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ARE CHAOBORUS MANDIBLES IN LAKE SEDIMENTS A RELIABLE INDICATOR OF HISTORICAL FISH ABSENCE IN POST-GLACIATED REGIONS OF MAINE AND MINNESOTA?

Fish introductions can have cascading effects on biological community composition and water quality in historically fishless lakes. The distribution of historically fishless lakes across the landscape in post-glaciated regions is unclear, owing to poor documentation of fish introductions. The aquatic phantom midge, Chaoborus americanus (order: Diptera, family Chaoboridae),is a reliable bioindicator of fish absence in lakes, because it is highly vulnerable to fish predation. Additionally, subfossil remains of C. americanus are persistent in lake sediments, potentially providing a record of historical occurrence of fish in a lake. We isolated Chaoborus mandibles from sediment cores collected from 21 lakes in Maine, and we developed a paleolimnological inference model with logistic regression to predict historical presence of fish. We tested the model with mandibles extracted from 210Pb dated cores collected from 15 Maine lakes with known stocking histories. We compared Chaoborus mandible composition in sediments collected from 15 Minnesota lakes to assess similarities across biogeographic regions, and we found congruence in the two datasets. Our cross-regional model developed from the combined Maine and Minnesota datasets provides a robust tool to assess fish colonization history across a large geographic area.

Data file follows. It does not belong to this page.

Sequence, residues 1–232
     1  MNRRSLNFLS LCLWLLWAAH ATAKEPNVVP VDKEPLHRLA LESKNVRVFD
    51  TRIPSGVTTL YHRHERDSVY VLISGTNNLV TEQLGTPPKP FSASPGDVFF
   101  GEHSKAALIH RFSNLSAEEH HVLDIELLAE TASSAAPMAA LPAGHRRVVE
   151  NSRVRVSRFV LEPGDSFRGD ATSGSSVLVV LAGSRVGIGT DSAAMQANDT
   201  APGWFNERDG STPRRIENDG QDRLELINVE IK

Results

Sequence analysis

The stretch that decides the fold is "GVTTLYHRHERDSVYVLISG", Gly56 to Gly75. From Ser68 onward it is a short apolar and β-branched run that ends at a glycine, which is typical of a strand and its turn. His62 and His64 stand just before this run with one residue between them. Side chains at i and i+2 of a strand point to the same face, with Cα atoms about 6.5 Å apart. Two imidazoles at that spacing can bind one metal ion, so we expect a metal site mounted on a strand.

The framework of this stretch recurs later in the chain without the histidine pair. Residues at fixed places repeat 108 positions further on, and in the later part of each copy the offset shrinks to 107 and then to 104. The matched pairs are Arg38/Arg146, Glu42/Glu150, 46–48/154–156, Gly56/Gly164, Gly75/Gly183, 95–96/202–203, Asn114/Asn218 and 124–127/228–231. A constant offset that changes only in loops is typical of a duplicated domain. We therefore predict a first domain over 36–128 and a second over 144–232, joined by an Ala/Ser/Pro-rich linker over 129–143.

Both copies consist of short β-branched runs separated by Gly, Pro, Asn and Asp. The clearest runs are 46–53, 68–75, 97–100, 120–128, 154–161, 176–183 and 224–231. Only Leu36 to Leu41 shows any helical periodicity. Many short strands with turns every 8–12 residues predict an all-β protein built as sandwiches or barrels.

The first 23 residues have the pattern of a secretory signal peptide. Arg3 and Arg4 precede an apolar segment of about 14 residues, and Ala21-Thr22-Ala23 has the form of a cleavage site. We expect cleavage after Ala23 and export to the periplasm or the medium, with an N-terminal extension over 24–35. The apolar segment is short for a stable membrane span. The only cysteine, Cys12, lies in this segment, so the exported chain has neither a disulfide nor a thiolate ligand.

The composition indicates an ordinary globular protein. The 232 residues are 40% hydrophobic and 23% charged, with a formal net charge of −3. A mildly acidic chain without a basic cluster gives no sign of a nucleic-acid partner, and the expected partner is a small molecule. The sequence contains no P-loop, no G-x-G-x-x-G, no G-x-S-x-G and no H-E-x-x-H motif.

Holly Kundel (Primary Presenter/Author), Augsburg University, kundelh@augsburg.edu;


Katie DeGoosh (Co-Presenter/Co-Author), Rhode Island Department Of Environmental Management, katie.degoosh@dem.ri.gov;


Cynthia Loftin (Co-Presenter/Co-Author), U.S. Geological Survey, Maine Cooperative Fish and Wildlife Research Unit, cynthia.loftin@maine.edu;


Emily Schilling (Co-Presenter/Co-Author), Augsburg University, schillin@augsburg.edu;